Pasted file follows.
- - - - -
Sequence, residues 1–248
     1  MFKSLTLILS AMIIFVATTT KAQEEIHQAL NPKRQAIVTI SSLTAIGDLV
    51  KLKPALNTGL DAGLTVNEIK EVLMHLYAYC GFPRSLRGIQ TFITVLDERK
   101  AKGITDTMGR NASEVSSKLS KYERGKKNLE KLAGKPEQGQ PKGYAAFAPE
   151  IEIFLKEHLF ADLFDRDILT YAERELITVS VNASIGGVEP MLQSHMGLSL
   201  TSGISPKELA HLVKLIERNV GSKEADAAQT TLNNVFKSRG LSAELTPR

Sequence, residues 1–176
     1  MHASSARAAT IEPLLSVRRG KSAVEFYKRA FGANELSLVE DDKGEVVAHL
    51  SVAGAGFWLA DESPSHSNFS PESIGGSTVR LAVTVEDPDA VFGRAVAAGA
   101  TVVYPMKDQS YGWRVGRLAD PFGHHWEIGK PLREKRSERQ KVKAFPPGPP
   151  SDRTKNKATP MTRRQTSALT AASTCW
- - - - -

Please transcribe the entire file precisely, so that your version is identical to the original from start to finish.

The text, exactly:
Sequence, residues 1–248
     1  MFKSLTLILS AMIIFVATTT KAQEEIHQAL NPKRQAIVTI SSLTAIGDLV
    51  KLKPALNTGL DAGLTVNEIK EVLMHLYAYC GFPRSLRGIQ TFITVLDERK
   101  AKGITDTMGR NASEVSSKLS KYERGKKNLE KLAGKPEQGQ PKGYAAFAPE
   151  IEIFLKEHLF ADLFDRDILT YAERELITVS VNASIGGVEP MLQSHMGLSL
   201  TSGISPKELA HLVKLIERNV GSKEADAAQT TLNNVFKSRG LSAELTPR

Sequence, residues 1–176
     1  MHASSARAAT IEPLLSVRRG KSAVEFYKRA FGANELSLVE DDKGEVVAHL
    51  SVAGAGFWLA DESPSHSNFS PESIGGSTVR LAVTVEDPDA VFGRAVAAGA
   101  TVVYPMKDQS YGWRVGRLAD PFGHHWEIGK PLREKRSERQ KVKAFPPGPP
   151  SDRTKNKATP MTRRQTSALT AASTCW